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and emolument, he is certainly at liberty so to do: the disposal of offices being matter of favour and discretion. But, this point being once secured from persecution for diversity of opinions, however ridiculous and absurd they may be, is contrary to every principle of sound policy and civil freedom. The names and subordination of the clergy, the posture of devotion, the materials and colour of the minister's garment, the joining in a known or an unknown form of prayer, and other matters of the same kind, must be left to the option of every man's private judgment.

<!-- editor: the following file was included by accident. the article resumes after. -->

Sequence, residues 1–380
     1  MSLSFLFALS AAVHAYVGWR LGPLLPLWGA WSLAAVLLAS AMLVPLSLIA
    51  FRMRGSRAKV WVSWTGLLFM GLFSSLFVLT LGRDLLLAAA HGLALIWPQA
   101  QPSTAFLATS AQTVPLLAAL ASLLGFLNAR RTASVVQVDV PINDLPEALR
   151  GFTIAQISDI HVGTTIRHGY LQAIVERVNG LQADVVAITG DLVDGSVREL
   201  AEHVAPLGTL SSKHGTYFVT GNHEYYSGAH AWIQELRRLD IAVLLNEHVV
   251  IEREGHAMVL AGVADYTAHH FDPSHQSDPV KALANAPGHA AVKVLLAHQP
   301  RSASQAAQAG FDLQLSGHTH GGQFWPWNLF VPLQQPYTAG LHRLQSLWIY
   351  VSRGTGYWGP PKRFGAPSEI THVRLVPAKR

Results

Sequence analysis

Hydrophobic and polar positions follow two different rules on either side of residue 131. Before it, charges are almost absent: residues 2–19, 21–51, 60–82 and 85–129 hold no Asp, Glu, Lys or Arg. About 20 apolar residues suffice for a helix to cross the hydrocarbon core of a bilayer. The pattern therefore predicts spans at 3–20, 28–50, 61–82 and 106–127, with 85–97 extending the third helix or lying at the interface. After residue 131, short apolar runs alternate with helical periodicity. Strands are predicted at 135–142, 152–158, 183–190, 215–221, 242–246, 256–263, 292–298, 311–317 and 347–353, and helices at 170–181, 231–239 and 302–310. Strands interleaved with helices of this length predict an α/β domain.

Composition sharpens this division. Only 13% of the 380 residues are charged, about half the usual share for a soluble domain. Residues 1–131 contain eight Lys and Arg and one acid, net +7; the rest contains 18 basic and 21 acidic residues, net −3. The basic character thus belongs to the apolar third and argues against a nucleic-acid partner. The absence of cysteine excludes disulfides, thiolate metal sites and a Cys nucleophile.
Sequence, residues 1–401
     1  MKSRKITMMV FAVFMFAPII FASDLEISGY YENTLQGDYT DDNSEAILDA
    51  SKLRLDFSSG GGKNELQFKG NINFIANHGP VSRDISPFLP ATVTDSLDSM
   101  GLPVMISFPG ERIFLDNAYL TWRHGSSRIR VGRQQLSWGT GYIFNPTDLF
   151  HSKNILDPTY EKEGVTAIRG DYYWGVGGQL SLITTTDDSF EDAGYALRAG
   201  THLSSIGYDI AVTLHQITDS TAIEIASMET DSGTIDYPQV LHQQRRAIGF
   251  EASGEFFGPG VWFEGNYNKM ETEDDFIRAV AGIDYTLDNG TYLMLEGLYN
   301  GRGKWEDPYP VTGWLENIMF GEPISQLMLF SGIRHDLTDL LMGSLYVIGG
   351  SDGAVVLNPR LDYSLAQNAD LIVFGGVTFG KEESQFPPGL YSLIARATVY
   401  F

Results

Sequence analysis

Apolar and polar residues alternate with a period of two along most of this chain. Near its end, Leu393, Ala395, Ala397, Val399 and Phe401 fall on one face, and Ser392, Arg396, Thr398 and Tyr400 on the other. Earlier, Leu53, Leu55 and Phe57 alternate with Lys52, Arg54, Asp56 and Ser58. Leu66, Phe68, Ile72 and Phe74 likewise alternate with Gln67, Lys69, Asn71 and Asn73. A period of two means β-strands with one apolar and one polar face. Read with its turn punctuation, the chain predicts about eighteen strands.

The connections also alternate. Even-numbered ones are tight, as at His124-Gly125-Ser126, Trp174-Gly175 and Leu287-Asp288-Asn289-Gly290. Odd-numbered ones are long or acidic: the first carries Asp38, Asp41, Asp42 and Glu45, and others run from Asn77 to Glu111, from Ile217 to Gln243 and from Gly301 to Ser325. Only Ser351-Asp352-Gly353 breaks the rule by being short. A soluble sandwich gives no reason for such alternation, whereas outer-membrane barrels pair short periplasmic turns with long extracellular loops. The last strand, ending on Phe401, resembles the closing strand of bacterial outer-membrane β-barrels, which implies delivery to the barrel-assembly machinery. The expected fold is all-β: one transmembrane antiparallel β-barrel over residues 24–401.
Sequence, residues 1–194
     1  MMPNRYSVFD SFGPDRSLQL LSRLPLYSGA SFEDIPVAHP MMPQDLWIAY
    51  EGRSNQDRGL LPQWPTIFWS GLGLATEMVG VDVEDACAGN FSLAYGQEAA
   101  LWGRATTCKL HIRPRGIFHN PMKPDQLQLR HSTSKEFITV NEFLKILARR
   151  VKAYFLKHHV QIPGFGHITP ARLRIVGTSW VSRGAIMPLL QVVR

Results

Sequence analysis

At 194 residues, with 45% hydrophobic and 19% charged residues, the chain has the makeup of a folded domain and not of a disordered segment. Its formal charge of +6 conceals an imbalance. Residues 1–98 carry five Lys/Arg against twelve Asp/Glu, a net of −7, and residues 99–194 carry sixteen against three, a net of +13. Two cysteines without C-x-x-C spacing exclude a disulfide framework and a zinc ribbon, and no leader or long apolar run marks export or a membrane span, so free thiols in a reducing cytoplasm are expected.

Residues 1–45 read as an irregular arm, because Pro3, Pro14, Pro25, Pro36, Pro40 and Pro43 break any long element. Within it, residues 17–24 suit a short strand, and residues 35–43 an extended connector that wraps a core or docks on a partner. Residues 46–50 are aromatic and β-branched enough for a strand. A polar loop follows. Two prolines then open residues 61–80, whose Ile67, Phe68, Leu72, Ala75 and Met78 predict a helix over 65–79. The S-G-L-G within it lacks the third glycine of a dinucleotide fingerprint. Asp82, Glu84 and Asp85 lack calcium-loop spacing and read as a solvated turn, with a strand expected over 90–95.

With regard, therefore, to protestant dissenters, although the experience of their turbulent disposition in former times occasioned several disabilities and restrictions (which I shall not undertake to justify) to be laid upon them by abundance of statutes (y) yet at length the legislature, with a spirit of true magnanimity, extended that indulgence to these sectaries, which they themselves, when in power, had held to be countenancing schism, and denied to the church of England. (z) The penalties are conditionally suspended by the statute 1 W. & M. st. 1, c. 18, "for exempting their majesties' protestant subjects, dissenting from the church of England, from the penalties of certain laws," commonly called the toleration act; which is confirmed by the statute 10 Ann. c. 2, declares that neither the laws above mentioned, nor the statutes 1 Eliz. c. 2, § 14, 3 Jac. I, c. 4 and 5, nor any other penal laws made against popish recusants (except the test acts), shall extend to any dissenters, other than papists and such as deny the trinity provided, first, that they take the oaths of allegiance and supremacy (or make a similar affirmation, being quakers) (a) and subscribe the declaration against popery; second, that they repair to some congregation certified to and registered in the court of the bishop or archdeacon, or at the county sessions; third, that the doors of such meeting-house shall be unlocked, unbarred, and unbolted; in default of which the persons meeting there are [*54] still liable to all the penalties of the former acts. Dissenting teachers in order to be exempted from the penalties of the statutes 13 and 14 Car. II, c. 4, 15 Car. II, c. 6, 17 Car. II, c. 2, and 22 Car. II, c. 1, are also to subscribe the articles of religion mentioned in the statute 13 Eliz. c. 12 (which only concern the confession of the true Christian faith, and the doctrine of the sacraments), with an express exception of those relating to the government and powers of the church, and to infant baptism; or if they scruple subscribing the same, shall make and subscribe the declaration prescribed by statute 19 Geo. III, c. 44, professing themselves to be Christians and protestants, and that they believe the scriptures to contain the revealed will of God, and to be the rule of doctrine and practice. Thus, though the crime of non-conformity is by no meaus universally abrogated, it is suspended and ceases to exist with regard to these protestant dissenters, during their compliance with the conditions imposed by these acts; and, under these conditions, all persons who will approve themselves no papists or oppugners of the trinity, are left at full liberty to act as their consciences shall direct them, in the matter of religious worship. And if any person shall wilfully, maliciously, or contemptuously disturb any congregation, assembled in any church or permitted meeting-house, or shall misuse any preacher or teacher there, he shall (by virtue of the same statute, 1 W. and M.) be bound over to the sessions of the peace, and forfeit twenty pounds. But by statute 5 Geo. I, c. 4, no mayor or principal magistrate must appear at any lissenting meeting with the ensigns of his office, (b) on pain of disability to hold that or any other office: the legislature judging it a matter of propriety, that a mode of worship set up in opposition to the national, when allowed to be exercised in peace, should be exercised also with decency, gratitude and humility. senters, also, who subscribe the declaration of the act 19 Geo. III, are exempted ( H ) 23 Eliz. c. 1. 29 Eliz. c. 6. 35 Eliz. C. 1. 22 Car. II, c. 1.